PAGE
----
Friday, June 25, 2021

Q&A with Caterina Bonvicini



Photo by Giliola Chiste


Caterina Bonvicini is the author of the novel The Year of Our Love, now available in an English translation from the Italian by Antony Shugaar. Bonvicini's other books include Fancy Red. She lives in Rome and Milan, Italy.  


Q: What inspired you to write The Year of Our Love, and how did you create your characters Olivia and Valerio?


A: Olivia's partly based on my own childhood memories, but the grown-up Olivia's quite different from myself as she is merely a product of her environment, upbringing, and what a girl of her status was supposed to become even though she did try not to succumb to all that and be different, but she just couldn't find her path.


Whereas myself, I did quite the opposite by not maturing into what was expected of a young woman of my background and through familiarising myself with the culture and literature and all facets of life of the working class.


I made friends who came from all walks of life, and different classes of the society and said no to the status quo and all the rules and rituals that should have governed my life.


The concept of the novel actually came to me as a direct result of this attitude of mine. I was greatly inspired by one of my best friends: Valentina. She’s like a sister for me; I met her in Rome. Our stories are totally different: she grew up in a working-class suburb. We lived the same historical events but from two opposite points of view and that was a really interesting comparison. Our own memories are a product of the social class we belong to. 


Q: The novel spans several decades--did you need to do any research to recreate the time periods you wrote about? 


A: I always do thorough research on subjects I write about. In this novel, though, I wrote about the so-called “Years of Lead,” a period of social and political turmoil in Italy that lasted from the late 1960s until the early 1980s, which I lived through myself. 


So I drew on a lot of my own childhood memories but then I had to read about the historical events that occurred when I was too young to perceive. I remember the bombing of the train station in Bologna, the kidnappings and how afraid my parents were of something like that happening to me. As for the Berlusconi era, I was already old enough to remember those years and their historical events vividly.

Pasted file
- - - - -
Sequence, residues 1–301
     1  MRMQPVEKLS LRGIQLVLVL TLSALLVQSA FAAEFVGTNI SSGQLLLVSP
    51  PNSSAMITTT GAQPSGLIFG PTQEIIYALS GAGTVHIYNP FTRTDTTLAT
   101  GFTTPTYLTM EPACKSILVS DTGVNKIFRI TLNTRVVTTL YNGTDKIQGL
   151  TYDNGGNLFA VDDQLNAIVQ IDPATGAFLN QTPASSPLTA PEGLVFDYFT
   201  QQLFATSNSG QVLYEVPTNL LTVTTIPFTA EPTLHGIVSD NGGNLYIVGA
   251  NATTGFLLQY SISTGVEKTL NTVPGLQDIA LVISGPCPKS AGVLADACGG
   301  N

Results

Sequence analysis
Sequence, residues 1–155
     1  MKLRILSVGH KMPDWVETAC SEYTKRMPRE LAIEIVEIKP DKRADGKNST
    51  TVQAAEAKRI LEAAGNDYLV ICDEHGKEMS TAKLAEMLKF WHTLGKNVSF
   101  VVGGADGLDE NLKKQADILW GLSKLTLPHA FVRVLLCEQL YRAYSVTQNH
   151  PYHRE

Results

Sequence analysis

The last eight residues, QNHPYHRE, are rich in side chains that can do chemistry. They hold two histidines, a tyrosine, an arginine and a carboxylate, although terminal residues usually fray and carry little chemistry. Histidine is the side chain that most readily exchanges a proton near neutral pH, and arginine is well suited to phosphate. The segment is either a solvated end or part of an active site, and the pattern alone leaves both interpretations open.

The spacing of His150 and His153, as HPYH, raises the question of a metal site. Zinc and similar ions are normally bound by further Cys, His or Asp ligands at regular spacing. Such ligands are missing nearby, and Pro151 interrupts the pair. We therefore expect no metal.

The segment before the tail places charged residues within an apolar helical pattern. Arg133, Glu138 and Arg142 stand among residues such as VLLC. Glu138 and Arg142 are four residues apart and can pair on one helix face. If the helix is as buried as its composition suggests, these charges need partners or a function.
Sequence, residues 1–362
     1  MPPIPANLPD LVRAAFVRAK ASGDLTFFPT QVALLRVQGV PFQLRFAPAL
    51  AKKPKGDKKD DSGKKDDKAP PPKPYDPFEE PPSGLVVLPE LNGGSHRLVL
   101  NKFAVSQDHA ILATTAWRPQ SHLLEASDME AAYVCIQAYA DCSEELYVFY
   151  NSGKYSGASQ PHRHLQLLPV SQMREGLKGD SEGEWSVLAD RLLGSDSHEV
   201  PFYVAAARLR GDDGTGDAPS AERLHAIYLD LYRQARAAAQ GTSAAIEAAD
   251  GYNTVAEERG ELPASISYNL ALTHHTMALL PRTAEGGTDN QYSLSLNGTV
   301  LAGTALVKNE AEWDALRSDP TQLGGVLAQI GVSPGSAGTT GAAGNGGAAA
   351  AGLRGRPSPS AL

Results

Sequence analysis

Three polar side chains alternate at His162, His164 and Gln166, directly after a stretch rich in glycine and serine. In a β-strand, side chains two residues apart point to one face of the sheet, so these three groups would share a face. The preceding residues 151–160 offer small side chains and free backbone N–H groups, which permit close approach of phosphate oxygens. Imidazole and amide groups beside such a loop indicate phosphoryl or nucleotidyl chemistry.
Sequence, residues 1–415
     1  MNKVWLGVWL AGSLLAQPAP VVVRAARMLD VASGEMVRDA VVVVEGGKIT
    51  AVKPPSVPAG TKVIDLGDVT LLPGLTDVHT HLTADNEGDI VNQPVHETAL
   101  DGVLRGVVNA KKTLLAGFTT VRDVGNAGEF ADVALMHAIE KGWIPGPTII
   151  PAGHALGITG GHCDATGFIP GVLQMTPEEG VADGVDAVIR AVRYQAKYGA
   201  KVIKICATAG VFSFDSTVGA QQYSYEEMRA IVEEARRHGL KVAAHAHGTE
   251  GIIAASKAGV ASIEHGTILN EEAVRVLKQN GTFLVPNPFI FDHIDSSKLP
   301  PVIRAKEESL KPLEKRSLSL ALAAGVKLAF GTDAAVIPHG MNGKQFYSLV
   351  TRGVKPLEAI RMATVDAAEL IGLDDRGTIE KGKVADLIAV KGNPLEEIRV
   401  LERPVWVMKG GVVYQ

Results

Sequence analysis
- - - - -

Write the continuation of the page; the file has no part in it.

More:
Q: Jhumpa Lahiri wrote of the book, "Sweeping, surprising, and bristling with specificity, this novel combines the best ingredients of a love story with unflinching snapshots of a contemporary Italy roiled by violence, corruption, and social upheaval." What do you think of that description?


A: Jhumpa Lahiri knows the Italian literature tremendously well, she has a very good command of the language as well, and she herself is now writing beautifully in Italian.


Not only has she translated a number of valuable works from Italian to English, such as Domenico Starnone's novels, but she has also curated a selection of short stories by a variety of Italian writers of the last century.


To put it simply, she has acted as a bridge between the Italian culture and the American one, much like what Vittorini did, just the other way around. I was exceedingly grateful for her comment and coming from her it meant a great deal to me.


Q: Did you know how the novel would end before you started writing it, or did you make many changes along the way?


A: I tend to do several rewrites and I worked three years on this one so there have been several drafts. I didn't know the ending but I was sure I wouldn't have gone for a happy ending as I was inspired by life as we know it which doesn't always, if ever, have a fairytale like happy-ending.


I did, however, leave the ending somewhat open as I reckon I might pick it up again may be a few years down the road and continue the story maybe against a different background, a different time period and historical events.


Olivia certainly lives a life that's not similar to mine in the way of her personal and family relations, her parents, lovers, and so on. The only one thing that I was inspired with was Olivia's grandmother, who was based on my own grandmother who passed away around the time I was working on the novel. I tried to see the events of the story through her eyes and be her voice.


Q: What are you working on now?


A: About three years ago I almost completely changed direction. I started going to the central Mediterranean with NGO vessels to save migrants at sea. I took part in two missions at sea onboard the Mare Jonio Mediterranea and another one along with Doctors Without Borders and Sos Méditerranée onboard the Ocean Viking.


I was deeply touched and moved by what I saw and I started writing a work of nonfiction on this eye-opening and striking experience. What's so haunting about it, though, is the fact that in a way it is very much like a novel, one that is very true-to-life, however, telling the tragic life story of people who are living through these events today as we speak.


Q: Anything else we should know? 


A: Just a piece of trivia really. I wrote the whole thing while listening to Bob Dylan and this was before going to New York and seeing him in a live gig. At that time (2014) I could not imagine that I was listening to a future Nobel prize.


Then there was just an odd fact: When the novel was published, a friend of mine who'd read it told me how much it reminded her of Dickens' Great Expectations. It just hit me in that moment how much I had been influenced by Dickens' masterpiece without having ever consciously thought about it.


--Interview with Deborah Kalb

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